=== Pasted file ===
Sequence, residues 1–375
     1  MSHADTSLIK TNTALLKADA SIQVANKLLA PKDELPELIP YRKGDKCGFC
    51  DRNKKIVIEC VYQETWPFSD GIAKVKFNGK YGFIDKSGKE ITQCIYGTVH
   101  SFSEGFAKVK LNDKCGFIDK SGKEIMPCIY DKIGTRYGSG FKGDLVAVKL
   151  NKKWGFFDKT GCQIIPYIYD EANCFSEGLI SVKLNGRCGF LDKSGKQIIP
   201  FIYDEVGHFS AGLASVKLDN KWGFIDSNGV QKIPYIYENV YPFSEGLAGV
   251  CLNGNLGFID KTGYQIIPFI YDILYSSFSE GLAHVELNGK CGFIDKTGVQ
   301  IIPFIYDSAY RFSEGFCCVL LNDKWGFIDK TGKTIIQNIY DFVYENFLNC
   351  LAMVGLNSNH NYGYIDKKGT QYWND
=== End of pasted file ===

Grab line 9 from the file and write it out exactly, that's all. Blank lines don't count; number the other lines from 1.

   351  LAMVGLNSNH NYGYIDKKGT QYWND